Description: Mobile applications are growing in popularity and pose new problems in the area of software testing. In particular, mobile applications heavily depend upon user interactions and a dynamically changing environment of system events. In this thesis, we focus on user-driven events and use Q-learning, a reinforcement machine learning algorithm, to generate tests for Android applications under test (AUT). We implement a framework that automates the generation of GUI test cases by using our Q-learning approach and compare it to a uniform random (UR) implementation. A novel feature of our approach is that we generate user-driven event sequences through the GUI, without the source code or the model of the AUT. Hence, considerable amount of cost and time are saved by avoiding the need for model generation for generating the tests. Our results show that the systematic path exploration used by Q-learning results in higher average code coverage in comparison to the uniform random approach.
Date: May 2017
Creator: Koppula, Sreedevi
Partner: UNT Libraries

Automated Real-time Objects Detection in Colonoscopy Videos for Quality Measurements

Description: The effectiveness of colonoscopy depends on the quality of the inspection of the colon. There was no automated measurement method to evaluate the quality of the inspection. This thesis addresses this issue by investigating an automated post-procedure quality measurement technique and proposing a novel approach automatically deciding a percentage of stool areas in images of digitized colonoscopy video files. It involves the classification of image pixels based on their color features using a new method of planes on RGB (red, green and blue) color space. The limitation of post-procedure quality measurement is that quality measurements are available long after the procedure was done and the patient was released. A better approach is to inform any sub-optimal inspection immediately so that the endoscopist can improve the quality in real-time during the procedure. This thesis also proposes an extension to post-procedure method to detect stool, bite-block, and blood regions in real-time using color features in HSV color space. These three objects play a major role in quality measurements in colonoscopy. The proposed method partitions very large positive examples of each of these objects into a number of groups. These groups are formed by taking intersection of positive examples with a hyper plane. This hyper plane is named as 'positive plane'. 'Convex hulls' are used to model positive planes. Comparisons with traditional classifiers such as K-nearest neighbor (K-NN) and support vector machines (SVM) proves the soundness of the proposed method in terms of accuracy and speed that are critical in the targeted real-time quality measurement system.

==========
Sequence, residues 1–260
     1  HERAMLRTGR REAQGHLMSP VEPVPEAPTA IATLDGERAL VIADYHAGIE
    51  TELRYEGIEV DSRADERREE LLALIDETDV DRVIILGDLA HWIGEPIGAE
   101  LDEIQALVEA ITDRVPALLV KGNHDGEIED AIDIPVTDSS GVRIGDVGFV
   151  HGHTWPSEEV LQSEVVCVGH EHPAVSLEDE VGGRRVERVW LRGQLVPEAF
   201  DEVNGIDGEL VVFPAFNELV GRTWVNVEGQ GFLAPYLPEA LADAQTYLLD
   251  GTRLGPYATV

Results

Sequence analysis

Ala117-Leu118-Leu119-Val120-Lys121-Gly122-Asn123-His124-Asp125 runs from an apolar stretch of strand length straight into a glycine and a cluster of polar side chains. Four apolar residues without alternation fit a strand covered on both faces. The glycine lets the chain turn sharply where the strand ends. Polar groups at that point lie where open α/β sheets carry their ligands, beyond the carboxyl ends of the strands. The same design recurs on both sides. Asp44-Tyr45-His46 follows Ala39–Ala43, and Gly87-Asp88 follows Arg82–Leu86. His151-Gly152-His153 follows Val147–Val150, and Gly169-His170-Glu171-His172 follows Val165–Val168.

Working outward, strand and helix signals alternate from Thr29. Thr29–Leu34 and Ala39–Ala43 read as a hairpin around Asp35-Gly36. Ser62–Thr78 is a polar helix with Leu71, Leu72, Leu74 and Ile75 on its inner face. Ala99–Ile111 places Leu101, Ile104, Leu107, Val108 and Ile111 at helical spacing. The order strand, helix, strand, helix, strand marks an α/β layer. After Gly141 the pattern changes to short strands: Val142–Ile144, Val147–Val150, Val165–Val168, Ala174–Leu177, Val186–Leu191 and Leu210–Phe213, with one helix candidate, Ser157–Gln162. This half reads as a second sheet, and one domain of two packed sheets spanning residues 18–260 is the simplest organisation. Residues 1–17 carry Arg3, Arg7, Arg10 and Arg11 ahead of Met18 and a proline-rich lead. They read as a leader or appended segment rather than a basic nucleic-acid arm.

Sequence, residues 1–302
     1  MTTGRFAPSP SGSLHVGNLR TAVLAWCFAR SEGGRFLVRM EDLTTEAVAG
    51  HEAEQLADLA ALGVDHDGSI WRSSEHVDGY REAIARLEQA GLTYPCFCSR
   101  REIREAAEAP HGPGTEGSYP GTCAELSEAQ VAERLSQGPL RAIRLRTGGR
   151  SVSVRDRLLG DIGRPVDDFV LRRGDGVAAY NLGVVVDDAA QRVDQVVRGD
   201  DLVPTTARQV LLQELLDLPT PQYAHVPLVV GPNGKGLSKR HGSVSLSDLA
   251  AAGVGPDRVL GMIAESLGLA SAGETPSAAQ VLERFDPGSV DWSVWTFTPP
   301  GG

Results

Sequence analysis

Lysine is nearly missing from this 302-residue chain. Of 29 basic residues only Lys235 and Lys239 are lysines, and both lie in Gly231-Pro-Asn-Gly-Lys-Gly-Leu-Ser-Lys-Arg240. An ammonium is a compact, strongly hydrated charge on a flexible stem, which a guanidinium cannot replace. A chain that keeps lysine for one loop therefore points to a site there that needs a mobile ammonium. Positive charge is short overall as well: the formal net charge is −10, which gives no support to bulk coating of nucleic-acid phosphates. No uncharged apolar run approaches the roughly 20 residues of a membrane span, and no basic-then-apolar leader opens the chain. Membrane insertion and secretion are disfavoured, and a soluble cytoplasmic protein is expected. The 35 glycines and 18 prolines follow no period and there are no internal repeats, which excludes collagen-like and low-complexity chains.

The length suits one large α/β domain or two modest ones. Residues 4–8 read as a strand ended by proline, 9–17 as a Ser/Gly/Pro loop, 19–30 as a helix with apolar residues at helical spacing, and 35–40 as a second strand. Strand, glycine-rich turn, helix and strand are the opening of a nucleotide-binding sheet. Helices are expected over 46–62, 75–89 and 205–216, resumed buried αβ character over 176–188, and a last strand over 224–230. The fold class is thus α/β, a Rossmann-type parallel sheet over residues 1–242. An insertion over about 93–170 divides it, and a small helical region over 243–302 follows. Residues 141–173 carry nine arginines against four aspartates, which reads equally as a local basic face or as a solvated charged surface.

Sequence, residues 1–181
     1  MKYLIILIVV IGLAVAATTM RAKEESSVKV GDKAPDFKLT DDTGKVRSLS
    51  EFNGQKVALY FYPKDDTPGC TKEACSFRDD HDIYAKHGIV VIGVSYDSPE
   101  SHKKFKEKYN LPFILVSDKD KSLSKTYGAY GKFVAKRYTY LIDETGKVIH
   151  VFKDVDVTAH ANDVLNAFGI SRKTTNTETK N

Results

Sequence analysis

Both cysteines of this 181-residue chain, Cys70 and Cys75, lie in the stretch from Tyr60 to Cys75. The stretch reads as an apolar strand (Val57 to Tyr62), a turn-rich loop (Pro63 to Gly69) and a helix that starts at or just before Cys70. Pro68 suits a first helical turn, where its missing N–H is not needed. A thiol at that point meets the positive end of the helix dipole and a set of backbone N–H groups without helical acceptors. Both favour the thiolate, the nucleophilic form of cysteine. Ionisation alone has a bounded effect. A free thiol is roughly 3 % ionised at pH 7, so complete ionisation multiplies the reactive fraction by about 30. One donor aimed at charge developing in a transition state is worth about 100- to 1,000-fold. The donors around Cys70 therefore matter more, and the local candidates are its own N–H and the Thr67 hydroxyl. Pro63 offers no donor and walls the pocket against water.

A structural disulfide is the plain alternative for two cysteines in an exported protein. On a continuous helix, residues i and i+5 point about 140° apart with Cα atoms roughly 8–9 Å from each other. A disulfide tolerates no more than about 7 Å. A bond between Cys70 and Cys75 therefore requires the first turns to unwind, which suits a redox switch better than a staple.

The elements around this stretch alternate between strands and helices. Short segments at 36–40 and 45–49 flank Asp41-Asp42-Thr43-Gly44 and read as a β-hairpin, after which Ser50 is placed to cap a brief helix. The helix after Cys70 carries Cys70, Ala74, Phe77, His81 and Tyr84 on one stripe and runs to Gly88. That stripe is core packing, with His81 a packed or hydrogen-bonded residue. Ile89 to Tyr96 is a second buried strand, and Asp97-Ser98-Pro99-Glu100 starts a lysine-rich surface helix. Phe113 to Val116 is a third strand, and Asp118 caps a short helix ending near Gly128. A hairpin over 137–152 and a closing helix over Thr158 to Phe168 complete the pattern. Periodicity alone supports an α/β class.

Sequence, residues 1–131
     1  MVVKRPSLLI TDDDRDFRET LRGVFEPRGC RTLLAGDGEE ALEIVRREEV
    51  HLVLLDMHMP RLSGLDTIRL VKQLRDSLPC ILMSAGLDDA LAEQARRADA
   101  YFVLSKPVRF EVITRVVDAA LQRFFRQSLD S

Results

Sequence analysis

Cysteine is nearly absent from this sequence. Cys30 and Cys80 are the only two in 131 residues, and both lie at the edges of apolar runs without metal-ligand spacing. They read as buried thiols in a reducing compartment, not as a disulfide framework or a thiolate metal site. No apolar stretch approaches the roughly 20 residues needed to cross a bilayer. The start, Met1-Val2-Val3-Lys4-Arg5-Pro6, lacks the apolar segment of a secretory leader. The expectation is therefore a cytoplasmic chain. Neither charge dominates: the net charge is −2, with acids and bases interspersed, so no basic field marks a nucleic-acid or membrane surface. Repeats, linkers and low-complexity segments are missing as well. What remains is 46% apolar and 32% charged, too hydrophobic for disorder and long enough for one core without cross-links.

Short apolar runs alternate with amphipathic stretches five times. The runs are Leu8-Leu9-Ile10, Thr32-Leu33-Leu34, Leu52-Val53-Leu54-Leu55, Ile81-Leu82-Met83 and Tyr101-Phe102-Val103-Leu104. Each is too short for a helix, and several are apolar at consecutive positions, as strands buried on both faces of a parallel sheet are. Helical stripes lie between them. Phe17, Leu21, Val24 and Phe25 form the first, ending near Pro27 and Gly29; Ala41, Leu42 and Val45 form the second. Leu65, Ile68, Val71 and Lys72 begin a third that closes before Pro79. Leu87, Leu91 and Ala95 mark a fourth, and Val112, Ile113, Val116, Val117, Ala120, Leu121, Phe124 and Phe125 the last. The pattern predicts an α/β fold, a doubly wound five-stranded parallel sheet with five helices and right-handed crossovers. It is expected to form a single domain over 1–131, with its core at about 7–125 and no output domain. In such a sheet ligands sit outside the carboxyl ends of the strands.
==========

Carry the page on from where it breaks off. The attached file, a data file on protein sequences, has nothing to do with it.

Date: August 2013
Creator: Kumara, Muthukudage Jayantha
Partner: UNT Libraries